The Manor of Hewells sits on the junction of the Causeway and Blackhorse Way. Whilst the Causeway is, of course, a road well established in the town Blackhorse Way was created as recently as 1962 as a service road for the shops in West Street. As such it divides the manor from some of its peripheral outbuildings namely the Clockhouse and the stables. The newly named Furneaux Way divides the manor from the chapel now known as The Barn.
The first record of a manor on this site is in 1608 and wood panelling from that property is in the building today. The current manor house was built in 1704 after Elizabeth Delves sold it to the lord of Hawksbourne, Nathaniel Tredcroft. The manor is described as a seven-bayed three-storeyed pedimented double-pile house of brick with corner quoins and is grade II* listed by English Heritage. The design by Nathaniel Tredgold is thought to have been based on that of Winslow Hall in Buckinghamshire, see external links below. Horsham’s Park House, built some 16 years later is similar in its style. The land extended from the front on the Causeway down to Worthing Road where the library is today.
In 1742 permission was given for a wooden water pipe to run from the River Arun by the Town Mill, across the manor land to supply fresh water to the Carfax. A condition of this permission was that free water be supplied to the manor for drinking and for supplying a fountain in the ‘best garden’. The pipework was undertaken by William and Resta Patching and remants of the pipe can still be viewed in the nearby museum today.
Elizabeth Delves (nee Ravenscroft) lived at the manor and has an effigy to commemorate her at the nearby St Mary’s Church. Howard Dudley mentions her in his history of Horsham.
In 1888 Edward Tredcroft ‘sold’ the manor to Henry Padwick, a local solicitor and money lender. A cousin of Tredcroft wrote about this in 1904: “Mr Padwick, the money-lender, said to him ‘well, now sir, you and I must change places’. On my cousin asking him ‘why’ he said , ‘because I have signed cheques to the value of your estates’, upon which my cousin put on his hat and walked out of his house”. Padwick’s son, also Henry Padwick remained there until at least 1916. The museum of the Sussex Archaeological Society at Lewes has a pair of massive leaden rain-water heads that came from Hewells. Each bears a shield with the initials T. N. E. and the date 1704. They were presented by a Mr H Padwick.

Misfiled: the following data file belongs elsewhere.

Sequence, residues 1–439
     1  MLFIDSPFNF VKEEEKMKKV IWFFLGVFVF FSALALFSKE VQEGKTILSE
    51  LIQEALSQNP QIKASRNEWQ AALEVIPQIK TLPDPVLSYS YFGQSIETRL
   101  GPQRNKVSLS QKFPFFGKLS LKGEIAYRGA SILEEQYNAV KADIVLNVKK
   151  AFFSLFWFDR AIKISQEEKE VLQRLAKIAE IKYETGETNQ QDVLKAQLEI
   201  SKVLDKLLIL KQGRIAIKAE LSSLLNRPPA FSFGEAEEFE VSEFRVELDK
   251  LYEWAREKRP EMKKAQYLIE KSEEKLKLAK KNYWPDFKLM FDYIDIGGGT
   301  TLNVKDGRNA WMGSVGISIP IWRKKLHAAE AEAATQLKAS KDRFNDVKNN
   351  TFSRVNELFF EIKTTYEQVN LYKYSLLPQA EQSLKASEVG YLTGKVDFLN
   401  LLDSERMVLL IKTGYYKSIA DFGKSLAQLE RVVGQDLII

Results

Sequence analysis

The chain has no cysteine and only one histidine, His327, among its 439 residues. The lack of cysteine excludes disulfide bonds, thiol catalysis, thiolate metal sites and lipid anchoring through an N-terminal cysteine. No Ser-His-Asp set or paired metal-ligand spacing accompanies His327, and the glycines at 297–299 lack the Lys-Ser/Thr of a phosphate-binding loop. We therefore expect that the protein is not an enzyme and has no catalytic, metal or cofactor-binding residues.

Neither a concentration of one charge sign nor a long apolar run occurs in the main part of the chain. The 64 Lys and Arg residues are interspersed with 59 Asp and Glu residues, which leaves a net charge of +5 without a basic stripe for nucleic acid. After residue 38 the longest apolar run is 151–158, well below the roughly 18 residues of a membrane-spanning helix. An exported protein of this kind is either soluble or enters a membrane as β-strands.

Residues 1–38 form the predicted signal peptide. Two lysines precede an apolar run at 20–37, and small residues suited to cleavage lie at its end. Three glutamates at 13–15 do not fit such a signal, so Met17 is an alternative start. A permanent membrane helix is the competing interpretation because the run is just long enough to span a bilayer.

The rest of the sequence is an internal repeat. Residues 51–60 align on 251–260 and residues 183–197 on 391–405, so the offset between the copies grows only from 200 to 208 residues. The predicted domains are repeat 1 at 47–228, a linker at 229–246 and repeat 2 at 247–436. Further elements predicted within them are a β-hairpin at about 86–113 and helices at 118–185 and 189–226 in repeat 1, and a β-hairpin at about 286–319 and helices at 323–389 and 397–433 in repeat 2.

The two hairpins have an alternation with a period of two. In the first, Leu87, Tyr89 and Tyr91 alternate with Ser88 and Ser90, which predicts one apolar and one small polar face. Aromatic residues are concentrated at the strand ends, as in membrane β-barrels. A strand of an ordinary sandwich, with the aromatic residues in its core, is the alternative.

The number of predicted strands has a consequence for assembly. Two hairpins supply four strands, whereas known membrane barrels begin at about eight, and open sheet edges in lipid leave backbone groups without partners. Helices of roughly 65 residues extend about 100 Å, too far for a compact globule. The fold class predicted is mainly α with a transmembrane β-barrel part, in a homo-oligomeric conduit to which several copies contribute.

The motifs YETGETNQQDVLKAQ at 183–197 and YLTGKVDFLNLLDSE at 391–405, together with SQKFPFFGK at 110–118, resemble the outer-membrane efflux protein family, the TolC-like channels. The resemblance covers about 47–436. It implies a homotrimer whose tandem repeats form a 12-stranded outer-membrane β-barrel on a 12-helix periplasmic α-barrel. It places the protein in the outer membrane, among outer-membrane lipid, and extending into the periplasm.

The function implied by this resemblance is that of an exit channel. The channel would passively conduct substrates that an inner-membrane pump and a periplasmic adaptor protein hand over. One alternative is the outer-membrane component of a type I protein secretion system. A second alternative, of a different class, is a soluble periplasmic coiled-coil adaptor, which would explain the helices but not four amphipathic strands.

In more recent times, 1919, the manor was a grammar school for boys, known as the Manor School and counted the author Hammond Innes as one of its pupils. The school closed in 1970 and three years later it was became the headquarters for the RSPCA until they relocated in 2003. The school chapel, barn and car park were given by the headmasters to the church for use as a parish centre. In the manor times this range of buildings was used for a barn, some stabling, a carpenter’s worskshop and a wood store. A plaque giving this information is in the entrance to the barn along with three notices listing the school captains throughout the 51 years of operation.
Much of the land, then the playing fields, was sold to West Sussex County Council who built Tanbridge School and a library, multi-storey carpark and clinic on the site. In the mid 1990s the school relocated to its current position in Guildford Road and the land was given over to Sainsburys. In 2003 the land occupied by the clinic and car park was extensively redeveloped into The Forum with new shops, housing and car parking.
The site was redeveloped for housing with the manor being preserved although the more recent wings were removed. New buildings, sympathetic to the original style were erected in the surrounding land. One interesting feature of the new properties is the inclusion of built-in bird boxes in the eaves, perhaps at the request of the previous owners; the RSPCA
Ian Nairn said ‘..the MANOR HOUSE, a design of 1704 by Nathaniel Tredgold as blank as the other Georgian houses in Horsham. Seven bays, three storeys, a pediment and quoins. Nice stables on the garden side’